Watching the Wheels

I remember the morning after more clearly. My father had the whole month of December off for vacation, so he was home that day. He drove my sister and me to school. We went to a magnet school and normally rode a school bus. It was a four and a half mile drive. Dad had the car radio going, can’t remember which station. They played some Beatles music, but I mostly remember hearing his latest album, the last he would live to see release.

I’m just sitting here watching the wheels go round and round

I really love to watch them roll

No longer riding on the merry-go-round

I just had to let it go

Like most of America, we heard the news from Howard Cosell during Monday Night Football. And we all sort of froze, wondering if we had heard it correctly.

It felt real the next morning, with the music and the tributes. And yet it didn’t feel real at all. The sky felt different. Colors looked different. All turned psychedelic, pastel, flashy, bright, as if the world had tripped into Strawberry Fields. Or Lucy had descended from the sky, her diamonds blinding us with brilliance.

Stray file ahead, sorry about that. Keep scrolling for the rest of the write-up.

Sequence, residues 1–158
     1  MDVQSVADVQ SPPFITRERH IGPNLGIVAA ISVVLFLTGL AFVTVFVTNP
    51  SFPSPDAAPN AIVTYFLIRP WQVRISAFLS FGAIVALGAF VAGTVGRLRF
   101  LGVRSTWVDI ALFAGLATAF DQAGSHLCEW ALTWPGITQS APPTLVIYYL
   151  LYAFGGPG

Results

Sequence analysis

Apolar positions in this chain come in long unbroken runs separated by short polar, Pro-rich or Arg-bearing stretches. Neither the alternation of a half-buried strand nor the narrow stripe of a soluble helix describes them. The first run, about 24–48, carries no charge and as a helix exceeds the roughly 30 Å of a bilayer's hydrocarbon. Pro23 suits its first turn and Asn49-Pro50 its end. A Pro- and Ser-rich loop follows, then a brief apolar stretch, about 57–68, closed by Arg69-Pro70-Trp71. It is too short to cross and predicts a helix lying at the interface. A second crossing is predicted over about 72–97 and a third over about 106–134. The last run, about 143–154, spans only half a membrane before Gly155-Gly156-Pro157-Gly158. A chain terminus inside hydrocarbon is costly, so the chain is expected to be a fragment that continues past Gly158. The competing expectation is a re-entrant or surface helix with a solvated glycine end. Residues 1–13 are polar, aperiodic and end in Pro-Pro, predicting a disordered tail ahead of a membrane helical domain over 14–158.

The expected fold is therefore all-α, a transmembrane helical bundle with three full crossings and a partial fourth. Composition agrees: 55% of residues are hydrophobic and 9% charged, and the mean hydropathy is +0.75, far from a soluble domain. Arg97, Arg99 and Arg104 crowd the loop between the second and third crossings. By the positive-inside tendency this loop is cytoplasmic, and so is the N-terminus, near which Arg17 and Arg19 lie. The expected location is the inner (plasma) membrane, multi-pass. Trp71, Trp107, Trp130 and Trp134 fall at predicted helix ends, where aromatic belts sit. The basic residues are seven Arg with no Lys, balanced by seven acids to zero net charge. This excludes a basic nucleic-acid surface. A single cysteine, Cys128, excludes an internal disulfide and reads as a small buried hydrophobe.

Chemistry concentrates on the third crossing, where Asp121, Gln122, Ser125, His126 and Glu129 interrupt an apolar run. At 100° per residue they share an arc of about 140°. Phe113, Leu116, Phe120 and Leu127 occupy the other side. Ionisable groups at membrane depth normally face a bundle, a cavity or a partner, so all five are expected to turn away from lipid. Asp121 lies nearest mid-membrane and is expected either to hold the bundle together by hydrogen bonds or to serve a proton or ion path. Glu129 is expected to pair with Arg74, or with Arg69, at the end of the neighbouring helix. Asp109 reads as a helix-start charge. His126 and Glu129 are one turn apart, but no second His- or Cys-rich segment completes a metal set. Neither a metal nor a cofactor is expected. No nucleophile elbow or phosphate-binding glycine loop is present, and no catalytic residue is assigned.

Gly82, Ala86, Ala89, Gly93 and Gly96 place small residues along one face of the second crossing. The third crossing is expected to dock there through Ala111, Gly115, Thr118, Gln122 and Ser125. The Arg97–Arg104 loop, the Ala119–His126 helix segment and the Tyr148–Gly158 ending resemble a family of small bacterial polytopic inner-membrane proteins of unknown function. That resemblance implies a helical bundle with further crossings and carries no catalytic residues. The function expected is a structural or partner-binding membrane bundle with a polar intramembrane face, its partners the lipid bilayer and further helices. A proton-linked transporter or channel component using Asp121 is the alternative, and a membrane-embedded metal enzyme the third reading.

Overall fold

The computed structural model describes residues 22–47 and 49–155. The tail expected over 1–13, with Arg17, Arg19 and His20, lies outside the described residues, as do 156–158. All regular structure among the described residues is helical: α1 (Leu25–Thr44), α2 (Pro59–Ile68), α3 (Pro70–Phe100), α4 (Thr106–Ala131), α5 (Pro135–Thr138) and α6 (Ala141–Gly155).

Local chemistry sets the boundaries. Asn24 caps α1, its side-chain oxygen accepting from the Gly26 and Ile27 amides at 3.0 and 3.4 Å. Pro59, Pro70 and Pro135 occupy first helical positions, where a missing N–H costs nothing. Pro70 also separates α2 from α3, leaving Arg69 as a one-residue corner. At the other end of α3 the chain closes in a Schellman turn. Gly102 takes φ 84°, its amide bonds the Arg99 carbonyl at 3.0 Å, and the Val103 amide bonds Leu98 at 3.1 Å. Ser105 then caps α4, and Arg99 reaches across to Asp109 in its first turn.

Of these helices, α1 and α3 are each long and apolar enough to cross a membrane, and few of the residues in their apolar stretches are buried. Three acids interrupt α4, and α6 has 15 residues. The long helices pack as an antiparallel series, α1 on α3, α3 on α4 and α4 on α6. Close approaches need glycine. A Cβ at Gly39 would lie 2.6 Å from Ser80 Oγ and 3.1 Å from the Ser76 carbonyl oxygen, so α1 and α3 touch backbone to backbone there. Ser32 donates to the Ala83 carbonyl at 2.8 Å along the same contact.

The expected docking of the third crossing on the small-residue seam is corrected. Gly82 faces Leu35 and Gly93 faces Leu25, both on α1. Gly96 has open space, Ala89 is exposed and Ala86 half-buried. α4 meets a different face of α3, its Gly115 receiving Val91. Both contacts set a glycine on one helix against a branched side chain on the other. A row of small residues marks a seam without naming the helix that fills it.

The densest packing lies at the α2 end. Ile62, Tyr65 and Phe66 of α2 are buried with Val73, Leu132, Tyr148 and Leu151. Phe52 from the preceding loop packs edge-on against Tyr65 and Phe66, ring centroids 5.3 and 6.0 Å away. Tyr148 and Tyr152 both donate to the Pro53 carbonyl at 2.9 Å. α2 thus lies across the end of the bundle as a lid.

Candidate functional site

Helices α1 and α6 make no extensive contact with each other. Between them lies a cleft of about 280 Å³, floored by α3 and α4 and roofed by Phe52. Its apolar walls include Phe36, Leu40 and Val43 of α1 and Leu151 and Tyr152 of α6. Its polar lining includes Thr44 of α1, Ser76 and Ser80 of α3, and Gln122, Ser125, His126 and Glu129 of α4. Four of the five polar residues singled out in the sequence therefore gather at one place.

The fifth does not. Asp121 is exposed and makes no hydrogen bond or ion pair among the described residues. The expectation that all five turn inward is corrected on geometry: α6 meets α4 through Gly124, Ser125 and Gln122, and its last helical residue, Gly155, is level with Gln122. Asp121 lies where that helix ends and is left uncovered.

I was just getting into the Beatles music and history at that time. So I knew about the acrimonious breakup. And yet, when I heard Paul McCartney’s first words (“Drag, isn’t it?”) I didn’t hear a flippant answer from someone still holding a grudge, as most of the media tried to portray. Even at 15, I could hear in those words a man at a loss, shocked, probably in more pain than even he knew at the time. Decades later, Sir Paul participated in one of the many marches for gun safety after Parkland. When asked by the media why he was marched, he reminded them that he lost a friend to gun violence.

The music played and the tributes continued that morning. It was a surreal car ride. Even though I barely knew anything, I still felt numb by it. Probably the thing on my mind most at the time was the question, why? 40 years later, on this day, a part of me is still sitting in my father’s car with my sister. And still wondering, why?

© 2020, gar. All rights reserved.


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